Mr. Tao put his hands on the table, the candy jar still open. “Terry. I heard what happened. You were fighting James because he was bullying Prudence and Nigella.”
How did he know? It didn’t really matter. “Yes,” muttered Terry, his head bowed.
The expected rebuke never came. “You need one last chocolate,” said the principal, taking a Lindt out and offering it to Terry. “I just have to acknowledge you for one more thing.”
Was he joking? “I really don’t understand, sir. Can you tell me what’s going on?”
“Nothing,” said Mr. Tao, holding up his hands innocently. “All I’m saying is that you saw two girls being bullied and you couldn’t stand it. You stood up to James and when he insulted you along with the girls, you and he began to brawl. It takes a strong sense of right and wrong – and bravery – to stand up to bullies, no matter how mistaken you are in the way you do it.”
“I hit James in the head with a rock,” blurted Terry, his voice shaking.
“We can certainly overreact when we see something that makes us very angry,” admitted Mr. Tao softly.
“I hit him. Aren’t you mad?” burst out Terry, losing all composure.
“Concerned,” said Mr. Tao calmly.
“I should never have hit him. I couldn’t control myself,” sobbed Terry, unable to control the tears. Now he had two chocolates in his pocket and one on the table, but his back was heaving and his words crushed by regret. “I’m so sorry. I didn’t mean to send him to the ward. He was just being stupid, I didn’t want to hurt him for real. I mean, maybe I did, but I hate myself now. I want to go apologize to him.”
Mr. Tao’s eyes shone with kindness as he slowly pushed the third candy in Terry’s direction. “Then we’re done here.”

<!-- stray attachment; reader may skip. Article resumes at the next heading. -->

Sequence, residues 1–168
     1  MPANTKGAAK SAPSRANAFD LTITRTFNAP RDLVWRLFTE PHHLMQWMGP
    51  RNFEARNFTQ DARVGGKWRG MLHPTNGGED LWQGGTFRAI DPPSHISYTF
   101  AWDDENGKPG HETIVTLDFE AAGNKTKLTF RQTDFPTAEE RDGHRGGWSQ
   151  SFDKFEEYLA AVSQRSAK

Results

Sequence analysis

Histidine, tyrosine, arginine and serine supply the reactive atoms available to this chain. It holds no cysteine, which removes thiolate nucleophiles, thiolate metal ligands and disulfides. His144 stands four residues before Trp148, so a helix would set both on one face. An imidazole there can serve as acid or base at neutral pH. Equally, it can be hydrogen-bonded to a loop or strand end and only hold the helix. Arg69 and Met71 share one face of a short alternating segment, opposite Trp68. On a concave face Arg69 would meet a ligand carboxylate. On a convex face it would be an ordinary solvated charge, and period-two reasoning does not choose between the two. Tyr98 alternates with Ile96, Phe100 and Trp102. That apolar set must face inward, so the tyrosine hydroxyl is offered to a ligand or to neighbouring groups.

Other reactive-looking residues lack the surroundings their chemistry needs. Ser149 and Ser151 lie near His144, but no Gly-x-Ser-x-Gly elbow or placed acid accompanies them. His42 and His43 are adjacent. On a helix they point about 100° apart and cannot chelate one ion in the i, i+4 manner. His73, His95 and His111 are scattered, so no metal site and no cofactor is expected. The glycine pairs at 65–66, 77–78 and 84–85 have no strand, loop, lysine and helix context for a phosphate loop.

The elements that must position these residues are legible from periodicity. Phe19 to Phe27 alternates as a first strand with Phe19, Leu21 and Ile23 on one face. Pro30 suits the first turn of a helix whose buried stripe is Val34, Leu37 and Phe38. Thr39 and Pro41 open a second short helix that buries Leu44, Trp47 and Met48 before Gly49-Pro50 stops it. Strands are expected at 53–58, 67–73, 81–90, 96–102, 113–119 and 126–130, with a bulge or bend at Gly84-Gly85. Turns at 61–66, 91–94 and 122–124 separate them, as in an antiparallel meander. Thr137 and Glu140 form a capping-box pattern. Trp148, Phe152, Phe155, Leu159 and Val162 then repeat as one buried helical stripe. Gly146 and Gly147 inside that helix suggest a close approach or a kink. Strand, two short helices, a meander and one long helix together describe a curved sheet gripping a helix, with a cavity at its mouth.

Terry blinked, his eyes still watery. “Huh?” he rasped.
“That’s a great idea! You should see James right now. I’ll let Mr. Davis know you’ll be late for physics. You mustered a great deal of courage when you tried to stop James from bullying the girls. But making amends with him is going to need even more courage. Can you do it?”
Terry finally understood. He still felt disconcerted at how Mr. Tao treated him. And he still felt scared that James might hate him, or that he’d spit in his face, or was already scheming his revenge. But Terry had one thing in his control, and that was to go apologize to the boy he’d hurt. He stood up. “I’m headed to the ward, sir,” he declared, his voice no longer quivering and the gossip of the school echoing in his head.
“Mr. Tao can straighten out anyone he comes across.”
“Well, off you go, then,” said the principal, his lips curled upwards in a great big beam. Terry turned his back on him and rushed out. Mr. Tao glanced at the forgotten third chocolate that Terry had left behind in his haste to leave. “Aren’t you having that?” he called, but already Terry’s rapid footsteps were receding down the corridor.
Mr. Tao shrugged and took the candy, licking his lips and unwrapping it to reward himself for a job well done.